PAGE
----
Besides, the defence spending is still at about two per cent of the GDP, compared to our neighbours—China’s seven per cent and Pakistan’s five per cent. The defence expenditure should at least be a minimum three per cent of the GDP to keep the Armed Forces well-equipped and god forbid fit for war.

On another front, Mukherjee said enhanced pensions had been approved and that this would annually cost the Government Rs.2,100 crore. The decision, he further added “will benefit more than 12 lakh jawans (soldiers) and JCOs. Certain benefits being extended to war wounded and other disabled pensioners are also being liberalized.” The minister also said the committee headed by the Cabinet Secretary on One-Rank-One- Pension (OROP) had submitted its report and its recommendations have been accepted.

However, the skillfully-crafted statement by Mukherjee on the Defence Forces’ demand for OROP, has created a wholly erroneous impression i.e. that the UPA Government has finally granted it. Nothing could be farther from the truth. In fact, available information indicates that the issue of OROP has not been even remotely addressed.

What Mukherjee said in Parliament was: Further: “On the basis of these recommendations, the Government has decided to substantially improve the pension of pre-1.1. 2006 defence pensioners below officer rank (PBOR) and bring pre-10.10.1997 pensioners on par with post 10.10.1997 pensioners. Both these decisions will be implemented from 1st July 2009, resulting in enhanced pension for more than 12 lakh jawans and Junior Commissioned Officers (JCOs).”

By bringing the pre-1996 pensioners at par with the post-1996 pensioners, the Finance Minister has only rectified a 13-year-old anomaly, which should have been done long ago. Revised pensions announced after the VI CPC had created three distinct classes of pensioners: pre-1996 retirees, 01 Jan 1996 to 31 Dec 2005 retirees and post 01 Jan 2006 retirees. As a result, similar personnel in each class received widely differing pensions.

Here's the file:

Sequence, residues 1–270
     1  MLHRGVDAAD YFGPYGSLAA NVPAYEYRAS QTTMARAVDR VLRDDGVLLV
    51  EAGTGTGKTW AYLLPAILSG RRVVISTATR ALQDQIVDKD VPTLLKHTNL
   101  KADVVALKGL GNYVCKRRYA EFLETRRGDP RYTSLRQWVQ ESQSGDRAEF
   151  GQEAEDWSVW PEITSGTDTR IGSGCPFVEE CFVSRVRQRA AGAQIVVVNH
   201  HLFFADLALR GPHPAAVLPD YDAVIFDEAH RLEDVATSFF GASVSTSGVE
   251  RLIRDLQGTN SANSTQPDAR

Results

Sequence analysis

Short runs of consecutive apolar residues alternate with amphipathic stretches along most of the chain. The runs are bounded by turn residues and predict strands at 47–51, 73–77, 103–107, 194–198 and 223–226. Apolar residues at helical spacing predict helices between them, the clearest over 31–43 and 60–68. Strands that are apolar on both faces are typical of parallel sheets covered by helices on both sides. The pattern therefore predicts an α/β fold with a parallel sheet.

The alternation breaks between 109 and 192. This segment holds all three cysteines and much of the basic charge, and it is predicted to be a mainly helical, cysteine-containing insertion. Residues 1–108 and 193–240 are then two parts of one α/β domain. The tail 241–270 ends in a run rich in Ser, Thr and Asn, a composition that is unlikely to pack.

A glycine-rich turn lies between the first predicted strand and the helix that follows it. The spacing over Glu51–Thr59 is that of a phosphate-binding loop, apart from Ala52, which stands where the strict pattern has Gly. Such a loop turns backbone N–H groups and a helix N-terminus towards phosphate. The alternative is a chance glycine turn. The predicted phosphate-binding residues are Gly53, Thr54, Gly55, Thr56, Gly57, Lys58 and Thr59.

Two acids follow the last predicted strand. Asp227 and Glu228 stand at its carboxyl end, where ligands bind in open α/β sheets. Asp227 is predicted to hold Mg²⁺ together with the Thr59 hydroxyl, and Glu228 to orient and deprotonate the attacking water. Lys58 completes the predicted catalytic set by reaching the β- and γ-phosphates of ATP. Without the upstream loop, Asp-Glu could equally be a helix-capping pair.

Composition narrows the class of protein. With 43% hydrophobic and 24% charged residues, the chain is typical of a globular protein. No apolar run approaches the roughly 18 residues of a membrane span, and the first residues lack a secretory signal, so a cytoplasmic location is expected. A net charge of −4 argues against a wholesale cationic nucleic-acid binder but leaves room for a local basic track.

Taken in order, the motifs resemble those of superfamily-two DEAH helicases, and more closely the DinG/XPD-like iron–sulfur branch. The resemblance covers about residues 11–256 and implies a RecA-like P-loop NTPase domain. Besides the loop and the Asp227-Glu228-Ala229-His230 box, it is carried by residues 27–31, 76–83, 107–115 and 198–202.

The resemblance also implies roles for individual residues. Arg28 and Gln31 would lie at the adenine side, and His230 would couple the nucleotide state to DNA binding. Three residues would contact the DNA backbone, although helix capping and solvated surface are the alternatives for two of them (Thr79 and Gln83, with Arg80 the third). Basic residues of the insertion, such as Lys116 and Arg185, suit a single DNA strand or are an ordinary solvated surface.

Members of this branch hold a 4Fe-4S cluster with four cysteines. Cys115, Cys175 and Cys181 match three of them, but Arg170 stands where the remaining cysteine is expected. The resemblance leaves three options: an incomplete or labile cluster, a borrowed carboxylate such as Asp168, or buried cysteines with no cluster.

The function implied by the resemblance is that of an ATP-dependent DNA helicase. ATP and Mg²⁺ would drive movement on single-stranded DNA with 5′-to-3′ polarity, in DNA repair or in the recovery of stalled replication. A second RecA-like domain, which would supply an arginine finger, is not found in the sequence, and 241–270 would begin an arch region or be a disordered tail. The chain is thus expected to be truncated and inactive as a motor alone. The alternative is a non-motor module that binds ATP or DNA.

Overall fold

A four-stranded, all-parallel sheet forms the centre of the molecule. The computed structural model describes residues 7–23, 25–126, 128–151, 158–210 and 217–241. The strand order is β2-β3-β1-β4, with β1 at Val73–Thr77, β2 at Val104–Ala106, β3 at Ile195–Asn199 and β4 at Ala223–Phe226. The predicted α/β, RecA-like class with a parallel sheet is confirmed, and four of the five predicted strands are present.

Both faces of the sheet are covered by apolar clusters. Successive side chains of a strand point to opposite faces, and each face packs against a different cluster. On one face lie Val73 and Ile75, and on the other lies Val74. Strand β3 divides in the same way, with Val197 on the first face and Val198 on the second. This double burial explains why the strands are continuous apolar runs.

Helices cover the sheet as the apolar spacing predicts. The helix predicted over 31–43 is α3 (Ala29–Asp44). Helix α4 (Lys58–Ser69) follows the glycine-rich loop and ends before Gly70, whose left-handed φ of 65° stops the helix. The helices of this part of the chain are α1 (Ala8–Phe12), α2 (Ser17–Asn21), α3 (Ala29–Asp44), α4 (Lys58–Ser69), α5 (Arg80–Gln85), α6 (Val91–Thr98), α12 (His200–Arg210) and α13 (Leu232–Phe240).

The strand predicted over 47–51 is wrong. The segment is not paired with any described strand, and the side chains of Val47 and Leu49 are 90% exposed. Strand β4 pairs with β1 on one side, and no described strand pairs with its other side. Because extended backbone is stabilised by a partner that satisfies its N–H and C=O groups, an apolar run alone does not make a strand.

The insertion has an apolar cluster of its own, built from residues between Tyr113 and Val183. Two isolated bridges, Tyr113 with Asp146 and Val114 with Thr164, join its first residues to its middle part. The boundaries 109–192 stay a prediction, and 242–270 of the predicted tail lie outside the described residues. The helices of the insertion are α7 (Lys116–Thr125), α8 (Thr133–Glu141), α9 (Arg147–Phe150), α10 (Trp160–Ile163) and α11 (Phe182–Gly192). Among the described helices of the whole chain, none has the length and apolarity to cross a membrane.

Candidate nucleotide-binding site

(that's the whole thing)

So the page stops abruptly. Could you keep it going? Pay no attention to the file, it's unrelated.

Equity and natural justice demanded that these artificial distinctions should have been removed whenever pensions were revised; post V and VI CPCs. In a litigation relating to equity between pre and post 1996 defence pensioners, even the Supreme Court had ruled in September last that such distinctions violated Article 14 of the Constitution. In fact, one may argue that Mukherjee’s reported magnanimity is guided more by the Apex court judgment than any serious concern for the Defence Pensioners.

Importantly, the division between pre and post 2006 pensioners remains unaddressed. It needs reminding that the demand of the Defence Forces and Defence Pensioners for OROP was, in fact, only for removal of this division. Such indifference of the Centre for the Defence Forces and veterans is all the more galling, when viewed against the President’s address, assuring early resolution of OROP, to both Houses of Parliament.

And, what is one to make of repeated statements of the Ministry of Defence and its Minister Antony that the gap in pensions between the old and new pensioners will be substantially reduced and pensionary benefits of officers and jawans brought as close to OROP as possible? Sadly, for the ex-service officers there is nothing to cheer about. –INFA

 (Copyright, India News and Feature Alliance)